Home July 2011 On the Lighter Side

On the Lighter Side

This fall, the denizens of San Francisco will have an opportunity to, once and for all, ban us pesky Jews from their fair city.

Other cities have tried to drive out Jews in the past, notably Berlin.  But few have managed to completely rid themselves of us tenacious tefillin-lovers as elegantly as the proponents of a ban on circumcision might do in San Fran.

To be fair, the proposition placed before voters will not explicitly call for the ouster of Jews from San Francisco.  Instead, proponents of the ban will merely make the central covenant of our faith a misdemeanor, punishable by a $1,000 fine or a year in jail.  It’s like they’re saying, “You can be Jewish here.  You just can’t, you know, practice Judaism.”

Equally enlightened societies, such as Soviet-era Russia and ancient Greece and Rome had such bans, but they made their laws with iron-fisted, unabashed anti-Semitism.  San Francisco’s proposition is genius, because it carries the patina of social activism and concern for innocent little babies.  Proponents promise that they’re not against Jews; they just think we’ve been mutilating our children for thousands of years and need to be arrested.  No hard feelings.

Outcry over this insidious anti-Semitism quashed the effort to create a similar proposition in Santa Monica before proponents even collected their first signatures.  But San Franciscans will still get to cast their lots, and no doubt other cities will follow.

Marc Stern, associate general counsel for the American Jewish Committee, told the New York Times, “People are shocked that it has reached this level, because there has never been this kind of a direct assault on a Jewish practice here.”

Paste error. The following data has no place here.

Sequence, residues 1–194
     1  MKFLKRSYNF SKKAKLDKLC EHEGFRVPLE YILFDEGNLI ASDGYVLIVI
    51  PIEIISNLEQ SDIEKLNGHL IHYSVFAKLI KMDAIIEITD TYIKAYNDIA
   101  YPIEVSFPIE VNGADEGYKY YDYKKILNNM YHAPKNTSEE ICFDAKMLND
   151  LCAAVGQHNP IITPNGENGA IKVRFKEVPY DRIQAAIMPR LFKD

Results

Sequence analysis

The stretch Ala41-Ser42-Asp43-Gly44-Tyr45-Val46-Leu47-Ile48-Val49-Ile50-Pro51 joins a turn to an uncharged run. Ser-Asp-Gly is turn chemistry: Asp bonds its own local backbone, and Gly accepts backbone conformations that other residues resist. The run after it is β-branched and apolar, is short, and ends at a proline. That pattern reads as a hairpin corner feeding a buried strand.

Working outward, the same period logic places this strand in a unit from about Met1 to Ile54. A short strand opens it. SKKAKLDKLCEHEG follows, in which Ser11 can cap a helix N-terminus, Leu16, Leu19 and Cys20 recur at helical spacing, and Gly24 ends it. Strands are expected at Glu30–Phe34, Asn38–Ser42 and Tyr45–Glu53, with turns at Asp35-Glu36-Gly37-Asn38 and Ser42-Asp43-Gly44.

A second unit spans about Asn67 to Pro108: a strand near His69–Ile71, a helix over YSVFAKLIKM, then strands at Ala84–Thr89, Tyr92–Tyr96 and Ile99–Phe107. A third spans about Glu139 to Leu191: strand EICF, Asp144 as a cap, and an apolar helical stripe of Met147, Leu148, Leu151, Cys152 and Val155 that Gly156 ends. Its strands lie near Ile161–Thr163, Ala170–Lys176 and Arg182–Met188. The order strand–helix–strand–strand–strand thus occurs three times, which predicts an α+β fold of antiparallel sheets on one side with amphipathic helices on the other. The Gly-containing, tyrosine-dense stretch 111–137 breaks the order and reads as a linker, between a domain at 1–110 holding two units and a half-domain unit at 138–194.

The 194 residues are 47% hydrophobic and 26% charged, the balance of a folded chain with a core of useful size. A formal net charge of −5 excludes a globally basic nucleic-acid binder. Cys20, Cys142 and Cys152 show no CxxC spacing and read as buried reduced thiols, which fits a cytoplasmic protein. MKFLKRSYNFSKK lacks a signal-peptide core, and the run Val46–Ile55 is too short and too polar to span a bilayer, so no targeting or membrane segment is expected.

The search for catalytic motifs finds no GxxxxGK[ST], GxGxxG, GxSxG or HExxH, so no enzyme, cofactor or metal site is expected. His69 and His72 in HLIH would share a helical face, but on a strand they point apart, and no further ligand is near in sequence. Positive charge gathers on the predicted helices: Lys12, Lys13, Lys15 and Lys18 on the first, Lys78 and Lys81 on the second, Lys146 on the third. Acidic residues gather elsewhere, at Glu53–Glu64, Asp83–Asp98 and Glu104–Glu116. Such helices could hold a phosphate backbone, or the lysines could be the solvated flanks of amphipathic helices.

Stern and others believe that even if the ban passes in San Francisco, it will likely get thrown out as unconstitutional.

But until it wended its way through the courts, what could a NoCal Jewish family do?  Faced with possible jail time, I wouldn’t want to raise my family in a city where, clearly, I wasn’t wanted.  I’m not sure that San Francisco’s Jews will leave in droves, but if this thing passes, no doubt some will.  [They couldn’t at least have popped this on us during the height of the housing bubble?]

If San Fran’s Jews do leave, they will need to be careful where they go: Anti-Semitism masquerading as activism is on the rise.  The main perpetrator behind the bill, Matthew Hess, is based just below our belts in San Diego, so look forward to his foreskin-agenda penetrating Orange County soon, too.

[For the three of you who have not heard of Hess, he draws comic books portraying mohels as crazy-eyed, blood stained butchers and gun-toting peyot-wearing gangsters.  But, he swears he’s not anti-Semitic. Just, I guess, a student of 1930s German art?]

Other proponents of San Francisco’s bill will also tell you that the proposed ban is not anti-Semitic.  But I highly doubt that city’s Jewish people feel embraced by their neighbors right now.  I just hope that if any Jews do move as a result of this controversy, they’ll feel free to leave their hearts in San Francisco – without having to take their kids’ foreskin with them.

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